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Emmitt Smith Retires

Discussion in 'All Other Team Discussions' started by Rhino58, Feb 3, 2005.

  1. Rhino58

    Rhino58 Cheesehead

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    Posted on Thu, Feb. 03, 2005
    Emmitt Smith closes curtain on a long run

    By DON PIERSON

    Chicago Tribune

    JACKSONVILLE, Fla. - Emmitt Smith retired Thursday as the NFL's all-time leading rusher, yet still short of catching Jim Brown as the all-time best.
    The 35-year-old Smith passed the Bears' Walter Payton in 2002, the last of his 13 seasons with the Dallas Cowboys. He hung on for two more years with the Arizona Cardinals, gaining a respectable 937 yards with nine touchdowns this past season.
    Smith finished with 18,355 yards. Payton had 16,726. Brown is way back in eighth place at 12,312 but is still king. Brown last played in the 1965 season with the Cleveland Browns, where he established a standard by which all running backs are measured.
    Bigger than the linebackers of his day and faster than the defensive backs, the 6-foot-2-inch, 228-pound Brown was a physical anomaly that likely never will be duplicated. He never missed a game, retiring after only nine seasons that became instant legend.
    Brown's average per carry of 5.22 yards remains No. 1, more than a yard per carry better than Smith's 4.16. Payton finished at 4.36. Detroit's Barry Sanders, third on the all-time list with 15,269 yards, averaged 4.98.
    All arguments since Brown thus revolve around the runner-up, and Smith is in that conversation. Most like Payton for his size, durability, style, consistency and production, Smith was unspectacular except for the result, which is undeniable.
    "The only thing (the record) says is I rushed for more yards than anybody," Smith said Thursday. "That doesn't necessarily mean I'm the best. We all come at different times and different stages. My time was now and I've done all I could do in my time."
    His last coach, Arizona's Dennis Green, attended the retirement news conference, which was conducted by the Cowboys and owner Jerry Jones.
    "He's in the top five," Green said, naming the others, "Jim Brown, Walter, Barry and O.J. (Simpson)."
    Green declined to put them in exact order, but his sequence was nearly perfect depending on whether you're from Chicago or Detroit.
    Smith would rank fifth, although there have been coaches who preferred him over Sanders on the basis of predictability. Coaches are not as enamored as are fans of the wild 1-yard runs that Sanders often pulled off.
    On the basis of sheer volume, Smith would rank ahead of more athletically gifted runners Eric Dickerson, Tony Dorsett, Earl Campbell, Marcus Allen or Gale Sayers.
    Smith rushed for at least 1,000 yards every season between 1991 and 2001. He led the NFL in rushing in 1991, 1992 and 1995 and in touchdowns in three different seasons, finishing with a record 164 rushing TDs.
    The Cowboys won three Super Bowls - after the 1992, 1993 and 1995 seasons_with Smith, quarterback Troy Aikman and receiver Michael Irvin playing lead roles.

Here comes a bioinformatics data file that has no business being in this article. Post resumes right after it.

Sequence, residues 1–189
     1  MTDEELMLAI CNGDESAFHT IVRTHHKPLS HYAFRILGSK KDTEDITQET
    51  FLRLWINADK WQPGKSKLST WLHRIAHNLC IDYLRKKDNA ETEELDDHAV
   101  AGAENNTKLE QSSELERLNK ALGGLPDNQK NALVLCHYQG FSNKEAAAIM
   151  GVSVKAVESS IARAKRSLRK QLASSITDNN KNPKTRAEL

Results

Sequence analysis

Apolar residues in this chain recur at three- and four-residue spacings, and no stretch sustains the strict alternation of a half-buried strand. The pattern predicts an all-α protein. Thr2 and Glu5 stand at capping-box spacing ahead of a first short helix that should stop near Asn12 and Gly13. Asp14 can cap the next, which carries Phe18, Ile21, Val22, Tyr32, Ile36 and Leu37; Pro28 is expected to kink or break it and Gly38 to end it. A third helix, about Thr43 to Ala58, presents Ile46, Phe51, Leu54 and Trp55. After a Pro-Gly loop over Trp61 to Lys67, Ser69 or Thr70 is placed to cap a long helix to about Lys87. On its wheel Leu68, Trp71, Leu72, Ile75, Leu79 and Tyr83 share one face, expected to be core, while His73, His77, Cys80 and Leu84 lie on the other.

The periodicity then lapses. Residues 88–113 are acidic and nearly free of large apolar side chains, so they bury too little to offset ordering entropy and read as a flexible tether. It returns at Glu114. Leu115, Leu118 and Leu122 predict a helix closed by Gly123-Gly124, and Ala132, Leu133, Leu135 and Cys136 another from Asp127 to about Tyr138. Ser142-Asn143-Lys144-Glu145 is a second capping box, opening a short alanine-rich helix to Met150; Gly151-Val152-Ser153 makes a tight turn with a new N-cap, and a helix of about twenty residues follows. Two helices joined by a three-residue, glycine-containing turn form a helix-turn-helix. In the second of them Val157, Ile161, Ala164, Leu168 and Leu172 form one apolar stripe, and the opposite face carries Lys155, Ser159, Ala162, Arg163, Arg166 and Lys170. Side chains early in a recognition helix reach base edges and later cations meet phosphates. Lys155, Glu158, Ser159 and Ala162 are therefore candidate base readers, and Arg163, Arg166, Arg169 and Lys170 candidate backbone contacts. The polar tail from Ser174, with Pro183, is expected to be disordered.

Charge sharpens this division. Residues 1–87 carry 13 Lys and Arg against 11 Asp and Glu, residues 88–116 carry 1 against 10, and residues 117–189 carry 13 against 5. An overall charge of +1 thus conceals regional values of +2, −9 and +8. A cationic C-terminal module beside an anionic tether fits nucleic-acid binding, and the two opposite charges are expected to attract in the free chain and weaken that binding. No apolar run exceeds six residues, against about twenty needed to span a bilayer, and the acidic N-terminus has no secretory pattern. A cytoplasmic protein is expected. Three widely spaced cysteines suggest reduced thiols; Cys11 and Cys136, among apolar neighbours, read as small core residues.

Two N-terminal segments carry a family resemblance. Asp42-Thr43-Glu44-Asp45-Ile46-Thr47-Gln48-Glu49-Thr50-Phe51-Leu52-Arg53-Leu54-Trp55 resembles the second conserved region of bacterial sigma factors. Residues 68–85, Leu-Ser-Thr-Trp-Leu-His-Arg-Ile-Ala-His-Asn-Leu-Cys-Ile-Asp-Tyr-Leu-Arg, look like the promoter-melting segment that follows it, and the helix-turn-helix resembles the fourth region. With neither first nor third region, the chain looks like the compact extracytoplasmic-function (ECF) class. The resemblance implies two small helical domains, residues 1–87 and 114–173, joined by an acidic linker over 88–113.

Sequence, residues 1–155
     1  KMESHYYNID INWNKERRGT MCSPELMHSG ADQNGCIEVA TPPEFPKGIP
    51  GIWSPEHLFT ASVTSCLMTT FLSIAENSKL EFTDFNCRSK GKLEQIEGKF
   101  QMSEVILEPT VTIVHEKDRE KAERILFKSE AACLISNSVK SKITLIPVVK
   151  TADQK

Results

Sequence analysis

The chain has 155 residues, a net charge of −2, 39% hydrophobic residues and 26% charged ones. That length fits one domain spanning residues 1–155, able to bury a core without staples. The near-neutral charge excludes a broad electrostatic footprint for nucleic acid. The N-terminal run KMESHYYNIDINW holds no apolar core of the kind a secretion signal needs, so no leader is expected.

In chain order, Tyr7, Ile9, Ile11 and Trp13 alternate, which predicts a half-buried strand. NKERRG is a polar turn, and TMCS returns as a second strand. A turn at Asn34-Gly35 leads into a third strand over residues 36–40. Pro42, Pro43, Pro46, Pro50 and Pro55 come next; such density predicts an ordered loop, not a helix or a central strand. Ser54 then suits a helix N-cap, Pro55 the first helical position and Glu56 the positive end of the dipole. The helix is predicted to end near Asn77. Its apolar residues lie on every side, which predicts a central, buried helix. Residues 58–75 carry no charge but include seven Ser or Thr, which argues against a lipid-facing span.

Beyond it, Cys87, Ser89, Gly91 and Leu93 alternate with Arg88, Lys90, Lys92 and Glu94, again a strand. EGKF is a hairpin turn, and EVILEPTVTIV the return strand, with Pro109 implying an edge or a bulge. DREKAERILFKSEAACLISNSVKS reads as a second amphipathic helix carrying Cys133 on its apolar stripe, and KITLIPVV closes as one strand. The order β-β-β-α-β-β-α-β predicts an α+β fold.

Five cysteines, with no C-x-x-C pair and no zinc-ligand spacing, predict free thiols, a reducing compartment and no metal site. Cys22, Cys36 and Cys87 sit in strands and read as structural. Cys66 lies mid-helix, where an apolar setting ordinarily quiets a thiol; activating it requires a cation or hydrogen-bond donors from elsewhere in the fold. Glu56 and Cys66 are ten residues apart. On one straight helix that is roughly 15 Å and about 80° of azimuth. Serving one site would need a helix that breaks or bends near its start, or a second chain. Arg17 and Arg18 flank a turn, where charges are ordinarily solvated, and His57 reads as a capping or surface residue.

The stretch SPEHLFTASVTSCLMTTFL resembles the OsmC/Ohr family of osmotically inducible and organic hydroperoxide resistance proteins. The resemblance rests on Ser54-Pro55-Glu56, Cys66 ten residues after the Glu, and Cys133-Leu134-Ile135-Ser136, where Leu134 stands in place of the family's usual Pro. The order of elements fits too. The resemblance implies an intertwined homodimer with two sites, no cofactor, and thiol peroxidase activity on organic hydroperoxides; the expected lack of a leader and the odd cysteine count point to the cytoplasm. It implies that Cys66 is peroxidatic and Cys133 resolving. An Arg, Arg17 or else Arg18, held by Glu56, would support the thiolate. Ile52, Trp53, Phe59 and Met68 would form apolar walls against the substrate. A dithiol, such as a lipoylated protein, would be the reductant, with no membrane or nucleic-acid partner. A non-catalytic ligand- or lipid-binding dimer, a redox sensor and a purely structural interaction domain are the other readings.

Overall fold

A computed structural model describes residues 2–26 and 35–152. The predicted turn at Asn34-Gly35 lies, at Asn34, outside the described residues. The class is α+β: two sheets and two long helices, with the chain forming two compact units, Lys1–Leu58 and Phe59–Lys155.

Smith was both the league and Super Bowl MVP in the 1993 season. He rushed for 1,486 yards despite missing the first two games in a contract dispute and rushed for 130 yards and two touchdowns in the Cowboys' 30-13 Super Bowl victory over Buffalo in Atlanta.
    Smith's best season was 1995 when he ran for 1,773 yards and 25 touchdowns at 26.
    He spent several minutes Thursday reading from pages of names to thank, starting with PeeWee Football. He wiped tears after getting to Aikman, fullback Daryl Johnston and other former Cowboys teammates.
    Smith denied he was involved with a potential NFL ownership group fronted by Reggie Fowler, an Arizona resident who has been mentioned in negotiations for the Minnesota Vikings. But Smith said he is considering future ownership.
    Despite his decent season, Smith was not invited to re-sign with the Cardinals. He said he will sign a one-day contract with Dallas and retire a Cowboy.
    Smith told Jones: "You gave me an opportunity to have a life greater than I could ever imagine."
    He acknowledged his record won't last forever.
    "Yes, the record will be broken," Smith said. "It is a special record because it takes durability, grace, desire, determination, a lot of humility and short-term memory. You have to forget what you did each year and go out and prepare to do it again.
    "I think I achieved that record because it was meant for me. I'm just glad I recognized it and was able to capitalize on it."
     
  2. dan7

    dan7 Cheesehead

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    Emmitt Smith

    I was fortunate to see him play in person for the last two seasons (when the Cardinals played the Seahawks in Seattle).
     
  3. eastcoastpacker

    eastcoastpacker Cheesehead

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    He was on of the greatest of his time.I still remenber him and the other two always beating the Pack in the early to mid 90's. Man, I hated that! :hammer:
     
  4. leopardmech

    leopardmech Cheesehead

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    Smith was a guy I respected a lot but hated for what he used to do to the Packers in the 90s. Too bad he had to leave he still had a lot in his tank.

    Later
    Leopardmech
     

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